As you may know, the Office of Research Integrity Assurance (ORIA) is no longer under the GTRC/GTARC organization, but is now included in the EVPR office. If you are sending email to associates in ORIA, and you are using the GTRI/GTRC mail system, you may find that your messages are not delivered. This is likely due to your mail client cache. If you experience bounced messages when sending to ORIA emails, please clear your auto-complete cache in your local Outlook client (e.g. https://its.unl.edu/emailhome/clear-e-mail-cache). After clearing your cache - resend the message. If you still receive a bounce back or if you do not hear back from ORIA, please contact us via phone or Teams to make sure your message was received.
Protocol Application Approval
All protocol applications must be approved before any animal work begins. We recommend that researchers submit protocol applications up to 3 months in advance of the expected project start date to allow enough time for the completion the multi-phase review process.
Be sure to include with your submission a copy of the funding proposal/final grant pages sent to the funding agency detailing the animal research described in the protocol. Federal regulations require the IACUC to compare the protocol to the funding proposal statement of work or project description. Any substantive differences must be satisfactorily addressed prior to IACUC approval.
The application should be approved by the department head. ORIA will route the application to the department head for you in the TOPAZ system. When the department chair is the Principal Investigator (PI) named in the protocol, no other approval is required.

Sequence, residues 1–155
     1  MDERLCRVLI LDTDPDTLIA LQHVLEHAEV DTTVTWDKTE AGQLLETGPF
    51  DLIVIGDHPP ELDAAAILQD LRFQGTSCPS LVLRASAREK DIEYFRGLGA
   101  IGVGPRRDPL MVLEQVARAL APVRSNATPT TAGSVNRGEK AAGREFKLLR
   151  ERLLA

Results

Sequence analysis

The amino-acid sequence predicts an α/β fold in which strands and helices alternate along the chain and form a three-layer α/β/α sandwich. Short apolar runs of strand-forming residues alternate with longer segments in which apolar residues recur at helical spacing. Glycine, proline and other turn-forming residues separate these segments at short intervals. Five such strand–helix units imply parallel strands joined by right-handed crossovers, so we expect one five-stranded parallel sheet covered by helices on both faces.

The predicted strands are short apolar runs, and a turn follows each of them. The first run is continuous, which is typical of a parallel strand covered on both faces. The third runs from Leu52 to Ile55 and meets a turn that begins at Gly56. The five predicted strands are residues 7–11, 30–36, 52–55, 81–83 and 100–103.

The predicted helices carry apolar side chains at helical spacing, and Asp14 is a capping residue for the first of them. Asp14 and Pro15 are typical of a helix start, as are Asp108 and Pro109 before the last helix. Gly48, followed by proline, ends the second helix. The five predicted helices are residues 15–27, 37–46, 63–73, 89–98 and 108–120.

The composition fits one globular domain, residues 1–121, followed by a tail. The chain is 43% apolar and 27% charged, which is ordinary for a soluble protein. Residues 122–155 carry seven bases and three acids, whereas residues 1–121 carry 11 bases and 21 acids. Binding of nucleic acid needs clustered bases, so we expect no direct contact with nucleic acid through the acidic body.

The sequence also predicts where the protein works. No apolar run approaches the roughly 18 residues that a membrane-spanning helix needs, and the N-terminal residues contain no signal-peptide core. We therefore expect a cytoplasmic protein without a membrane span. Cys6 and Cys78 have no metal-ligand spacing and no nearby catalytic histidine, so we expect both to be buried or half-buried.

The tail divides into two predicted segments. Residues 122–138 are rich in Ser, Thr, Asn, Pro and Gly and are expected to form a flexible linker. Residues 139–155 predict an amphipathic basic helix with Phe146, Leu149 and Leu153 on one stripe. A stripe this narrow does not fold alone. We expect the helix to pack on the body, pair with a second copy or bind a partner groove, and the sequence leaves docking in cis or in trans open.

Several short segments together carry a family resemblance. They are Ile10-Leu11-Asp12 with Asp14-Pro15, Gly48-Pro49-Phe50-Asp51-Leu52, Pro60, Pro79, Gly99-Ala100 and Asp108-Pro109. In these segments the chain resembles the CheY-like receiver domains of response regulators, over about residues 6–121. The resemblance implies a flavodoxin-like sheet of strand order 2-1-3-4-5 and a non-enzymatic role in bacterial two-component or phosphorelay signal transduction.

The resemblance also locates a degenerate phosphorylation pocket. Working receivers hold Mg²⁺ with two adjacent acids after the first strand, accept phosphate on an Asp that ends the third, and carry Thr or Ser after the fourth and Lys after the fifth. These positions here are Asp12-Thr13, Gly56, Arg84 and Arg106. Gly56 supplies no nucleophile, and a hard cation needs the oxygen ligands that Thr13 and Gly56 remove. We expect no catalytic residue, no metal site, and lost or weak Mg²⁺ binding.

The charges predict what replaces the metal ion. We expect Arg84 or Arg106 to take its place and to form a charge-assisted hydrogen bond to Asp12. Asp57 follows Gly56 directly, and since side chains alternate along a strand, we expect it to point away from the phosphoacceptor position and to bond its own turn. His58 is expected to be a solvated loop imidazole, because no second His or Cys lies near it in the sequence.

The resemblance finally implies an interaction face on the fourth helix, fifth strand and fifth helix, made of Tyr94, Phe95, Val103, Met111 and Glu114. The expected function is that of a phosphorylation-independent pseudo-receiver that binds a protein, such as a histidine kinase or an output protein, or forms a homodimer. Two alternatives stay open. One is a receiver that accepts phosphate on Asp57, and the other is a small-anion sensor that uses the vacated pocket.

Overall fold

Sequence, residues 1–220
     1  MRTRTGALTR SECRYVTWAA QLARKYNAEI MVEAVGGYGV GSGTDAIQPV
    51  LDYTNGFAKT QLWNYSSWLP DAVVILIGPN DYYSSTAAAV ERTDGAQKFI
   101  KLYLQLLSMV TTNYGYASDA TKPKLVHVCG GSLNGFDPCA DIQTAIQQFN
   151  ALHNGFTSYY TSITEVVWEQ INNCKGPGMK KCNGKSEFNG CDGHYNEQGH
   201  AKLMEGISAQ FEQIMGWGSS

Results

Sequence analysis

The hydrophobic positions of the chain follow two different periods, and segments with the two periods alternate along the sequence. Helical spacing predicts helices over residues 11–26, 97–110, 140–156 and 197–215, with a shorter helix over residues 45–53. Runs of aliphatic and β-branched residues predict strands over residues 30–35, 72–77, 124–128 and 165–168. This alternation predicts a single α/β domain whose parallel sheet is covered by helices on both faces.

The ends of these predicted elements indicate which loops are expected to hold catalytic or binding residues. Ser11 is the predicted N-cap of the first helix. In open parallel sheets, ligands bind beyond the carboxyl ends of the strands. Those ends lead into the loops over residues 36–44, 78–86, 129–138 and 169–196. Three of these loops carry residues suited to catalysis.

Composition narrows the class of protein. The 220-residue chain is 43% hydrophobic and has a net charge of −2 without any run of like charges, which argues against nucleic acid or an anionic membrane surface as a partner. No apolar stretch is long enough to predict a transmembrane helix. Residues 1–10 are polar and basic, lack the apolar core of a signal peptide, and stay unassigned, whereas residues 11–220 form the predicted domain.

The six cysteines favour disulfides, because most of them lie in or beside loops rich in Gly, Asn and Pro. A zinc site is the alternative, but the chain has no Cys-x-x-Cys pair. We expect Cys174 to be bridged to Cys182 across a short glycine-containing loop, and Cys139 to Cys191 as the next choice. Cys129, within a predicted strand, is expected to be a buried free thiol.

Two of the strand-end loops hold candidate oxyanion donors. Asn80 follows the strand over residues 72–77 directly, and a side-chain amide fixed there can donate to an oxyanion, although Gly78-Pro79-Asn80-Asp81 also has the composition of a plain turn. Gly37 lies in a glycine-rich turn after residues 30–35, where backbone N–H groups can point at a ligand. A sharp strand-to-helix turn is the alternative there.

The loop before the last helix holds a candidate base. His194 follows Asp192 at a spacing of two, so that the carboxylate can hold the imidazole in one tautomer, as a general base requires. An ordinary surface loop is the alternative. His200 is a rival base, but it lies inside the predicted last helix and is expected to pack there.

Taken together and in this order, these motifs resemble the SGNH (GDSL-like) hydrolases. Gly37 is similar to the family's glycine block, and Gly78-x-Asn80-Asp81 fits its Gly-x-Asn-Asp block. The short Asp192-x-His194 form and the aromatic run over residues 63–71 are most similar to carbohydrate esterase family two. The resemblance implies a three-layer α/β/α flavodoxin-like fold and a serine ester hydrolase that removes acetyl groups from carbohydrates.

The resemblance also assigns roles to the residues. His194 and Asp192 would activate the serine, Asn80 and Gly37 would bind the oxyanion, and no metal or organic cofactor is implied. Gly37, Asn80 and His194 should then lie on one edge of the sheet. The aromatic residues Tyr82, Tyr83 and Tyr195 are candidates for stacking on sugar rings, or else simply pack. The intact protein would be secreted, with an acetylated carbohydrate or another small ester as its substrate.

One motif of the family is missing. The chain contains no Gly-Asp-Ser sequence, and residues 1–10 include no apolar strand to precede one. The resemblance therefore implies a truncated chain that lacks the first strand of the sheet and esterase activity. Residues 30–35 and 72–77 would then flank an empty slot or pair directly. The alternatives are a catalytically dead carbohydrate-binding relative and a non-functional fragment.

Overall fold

ORIA will provide a preliminary review and then route the application to the GT Attending Veterinarian for veterinary consultation and to the Offices of Environmental Health and Safety (EHS) for their respective reviews. If modifications are required, the PI should revise the protocol in accordance with the combined veterinary and EH&S and Chemical Safety preliminary consultations and submit the revised protocol to the IACUC team for distribution to the full IACUC.
All protocols are distributed to the IACUC in the order received. IACUC member(s) are assigned to perform the formal review using the designated member review (DMR) process. If a Committee member calls for Full Committee Review (FCR), the protocol will be placed on the agenda for that month’s meeting, unless it was received without sufficient lead time. The majority of protocols do not require FCR.
If no member calls for FCR, the DMR may approve the protocol outright, require modifications to secure approval, or call for FCR. If the reviewer recommends approval of an application likely to produce no pain or distress, or only minor and transient pain or distress, the approval process is completed without convened Committee review. If a reviewer requires modification, the PI is given an opportunity to respond and may confer with the reviewer, Attending Veterinarian, or ORIA Associate. When a satisfactory response is received, the designated reviewing member may approve the application.
If the project involves the use of any infectious agent or hazardous chemical (including chemical carcinogen), a review by the Biological Materials Safeguards Committee (BSMC) is required. Protocols involving rDNA or synthetic nucleic acids also require review by the Institutional Biosafety Committee. These reviews should be sought in parallel with the IACUC evaluation.
Each project funded by the Department of Defense (including subcontracts under DoD/military prime contracts) requires a separate protocol. DoD/military funding cannot be added to a protocol that has already been funded by another source. Instead, the PI should submit a new protocol specifically for the work described in the DoD/military funded project.